Paeonia ‘Singing in the Rain’ (above) and
|Me, evaluating bareroot stock.|
|The view from Huckleberry Cove Trail|
I’m sure you’ve read about our little misadventure with our first B&B (ball and burlap) tree? Well aside from that disastrous (but educational) experience, our group of interns has enjoyed a few successes this week. Fellow intern Carrington and I planted a row of maple trees in the front entrance, hoping to form a hedge that would complement the current display of Hemerocallis sp., or daylilies. Our goal is to create a wave-like barrier of green foliage to help accent the adjacent path. In addition to this, Will Bridges, a staff horticulturist, educated me on how to properly plant bareroot viburnum. Both projects were executed smoothly, so let’s see if the plants establish well! If you are curious about planting bareroot stock, please follow this link.
According to the “TripAdvisor” literature I poured over before arriving, Coastal Maine Botanical Gardens is the number one garden to visit, a claim whose accuracy is made obvious the moment you set foot on the grounds. Perhaps what makes this garden stand out against its competitors is the 3,600 feet of tidal shore frontage guests have the opportunity to explore when they arrive. In addition to the beautiful river vista, our garden sets itself apart by providing hiking trails and native plant displays to complement our traditional ornamental garden collections.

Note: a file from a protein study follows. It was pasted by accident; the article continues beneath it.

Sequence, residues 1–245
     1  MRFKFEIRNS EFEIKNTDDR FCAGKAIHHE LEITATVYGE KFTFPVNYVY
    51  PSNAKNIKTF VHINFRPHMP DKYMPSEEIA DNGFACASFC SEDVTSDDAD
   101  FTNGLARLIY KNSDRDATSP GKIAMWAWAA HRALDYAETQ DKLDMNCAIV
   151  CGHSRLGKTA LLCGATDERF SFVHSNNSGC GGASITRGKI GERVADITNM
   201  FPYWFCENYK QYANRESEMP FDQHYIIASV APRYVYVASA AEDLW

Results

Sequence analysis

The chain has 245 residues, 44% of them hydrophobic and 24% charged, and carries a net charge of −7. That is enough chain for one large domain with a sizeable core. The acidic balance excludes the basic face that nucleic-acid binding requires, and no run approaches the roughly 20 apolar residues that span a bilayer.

At the risk of sharing a secret that may not be mine to tell, our Director of Horticulture, Rodney Eason, confided in me the location of a place along the garden’s shore where he spent many days reflecting, hoping to justify his decision to move his family to this beautiful peninsula. After walking Huckleberry Cove Trail, I completely understand the calming effect he spoke of. I implore you to explore our many trails, experience the unparalleled tranquility, and maybe even discover Rodney’s secret sanctuary for yourself.
- Montana Williams, Pearson Horticulture Intern